But the problem is that the economic results of the first trimester of 1979, show equal tendencies and that, despite supposed financial advantages in international relations claimed by the regime’s propaganda, the problem of inflation continues, and the productive process is in a recession and that, despite recent measures like the National Housing Fund, the crisis has no foreseeable end in sight, and will continue to hit the masses. The following table is very expressive of this economic decline:

Income Distribution (%)

Year 1960 1968 1977
Worker’s Compensation 46 50 47
Blue Collar Workers 23 24 25
White Collar Workers 23 26 22
Independents (Self-employed) 30 28 25
In Agriculture 14 11 9
All Others 16 17 16
Returns of Capital 24 22 29
Net Return 15 15 25
Rent 7 5 3
Interests 2 2 1
Total 100 100 100



Let’s highlight that while compensation to workers went up from 1960 to 1968, it went down from 1968 to 1977. We also must point out that there is a constant reduction in the percentage corresponding to farmers, which goes parallel to the increase in the return to capital, which diminished from 1960 to l97l, but went up heavily from 1968 to 1977. However, it is more indicative to compare the index of real compensation to workers in 1973-1977: while wages in 1973 were 100.0, by December of 1979 they would be 49.4. In the same period salaries went from 100.0 to 71.7; while the legal minimum went from 100.0 to 60.5. These figures show the evident deterioration in the compensation of workers.

However, these data are calculated based on a rate of inflation which in reality is smaller that the real inflation rate. Therefore, the buying power of the masses of workers would still be less, and the misery and hunger would be more. Parallel to the above, the serious problem of unemployment develops: in 1976 absolute unemployment was 5.2% of the EAP and sub employment was 43.9%; by 1977 6.0% were unemployed and 46.0% sub employed; but by 1978 unemployment reached 7.27 and sub employment was 47.0%, so 54.0% of the EAP lived in the most abject poverty. Nevertheless, during this year unemployment rose again. Add to this the ever growing inflation, the constant rises in prices which flagellates the population; inflation reached 24.0% in 1975, 44.7% in 1976, 32.4% in 1977, 73.7% in 1978 and this year it is estimated it will surpass 75.0%. That is the critical situation endured by the masses of the people in our poor nation.

In this way, we see how hunger and misery, which Lenin spoke about, makes the situation of “those below” ever more unbearable, who do not want to and cannot go on living the way they do now. The countryside deserves special attention in these figures. Ten years after the Agrarian Law, the redistribution of land has reached 21.1% of the cultivated land and 7.7% of the cattle and, according to some calculations, “it would only affect about 347 of the total” of agricultural workers and “it can be said that one million of minifundia owners with less than three hectares (7.5 acres) have been totally left out in the reassignment of lands.” But the problem doesn’t end there. Today, one thousand enterprises are managed by the State (that previously was ten thousand farms or estates).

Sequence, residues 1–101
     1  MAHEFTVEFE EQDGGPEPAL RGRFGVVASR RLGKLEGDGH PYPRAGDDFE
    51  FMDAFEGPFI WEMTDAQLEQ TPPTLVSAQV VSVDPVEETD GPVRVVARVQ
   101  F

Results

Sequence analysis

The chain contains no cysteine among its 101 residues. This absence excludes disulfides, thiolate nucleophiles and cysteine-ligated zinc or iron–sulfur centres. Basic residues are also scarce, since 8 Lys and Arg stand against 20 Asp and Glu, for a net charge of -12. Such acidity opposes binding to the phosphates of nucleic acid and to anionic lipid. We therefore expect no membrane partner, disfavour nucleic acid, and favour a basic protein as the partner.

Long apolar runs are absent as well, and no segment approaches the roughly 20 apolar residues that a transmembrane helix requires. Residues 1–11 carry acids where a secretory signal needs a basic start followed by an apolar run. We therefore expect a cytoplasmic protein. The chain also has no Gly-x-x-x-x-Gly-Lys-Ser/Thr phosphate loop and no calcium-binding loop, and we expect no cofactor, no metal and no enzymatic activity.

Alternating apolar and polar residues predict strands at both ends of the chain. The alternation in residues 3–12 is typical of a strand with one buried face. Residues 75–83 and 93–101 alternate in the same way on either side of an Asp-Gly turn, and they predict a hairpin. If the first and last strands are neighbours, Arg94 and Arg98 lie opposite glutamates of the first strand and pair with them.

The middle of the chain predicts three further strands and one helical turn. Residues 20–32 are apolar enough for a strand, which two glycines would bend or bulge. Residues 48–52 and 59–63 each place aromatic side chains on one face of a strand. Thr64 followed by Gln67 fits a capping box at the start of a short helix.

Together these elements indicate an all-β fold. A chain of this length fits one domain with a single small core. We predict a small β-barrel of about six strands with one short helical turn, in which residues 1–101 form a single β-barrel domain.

More than 50% of them are in crisis, with no profits at all, cannot even pay the minimum salaries and lack the most basic management organization. Besides, the countryside has transferred “17 billion of soles for payment of the agrarian debt, almost 10 billion in direct taxes and several billion more as ‘profit’ in enterprises such as EPSA, EPCHAT, ENCI, PNATA, ENACO,” state monopolies for the commercialization of agricultural and ranching products. All of these support, that the peasantry is oppressed and exploited by the surviving feudal strings, not to forget the 400 years old of “gamonalism.” Once again, we see what Lenin said about the exploitation and oppression of the small producers, mainly the peasantry, which is a fundamental part of “those below,” who neither want to, nor can go on living as before.

All of this is a very important part of the developing revolutionary situation in which we live in. What is implied in what we have exposed? What is implied by the crisis endured by “those below,” joined to their centuries old and still rising exploitation? Does the above show the situation of “those below” who no longer want nor can go on living as they had done for centuries? Doesn’t this situation show us the existence of the basic condition for a revolutionary situation? And how are the masses replying? Isn’t there a growing popular protest which expresses itself in an ascending strike movement, which, while it culminated in 1975, again today, after an intense repression, renews its upward development, as shown by the increase in the number of strikes in 1978 (364 with 1,389,400 strikers) and the 225 strikes in the first semester of this year?

And as far as the peasants movement, isn’t it true that it continues to fight indefatigably since the 1960s, and repression cannot contain it, despite mass slaughters like the last one in the Department of Cajamarca? And as far as the people’s movement in general, isn’t it true that it is showing a growing development, as we have seen from 1976 to this day, with real uprisings in many towns and cities in the country, even in some sectors that appeared to be sleepy? All of this is just the development of a growing popular protest that is a consequence of the existence of a revolutionary situation in the country.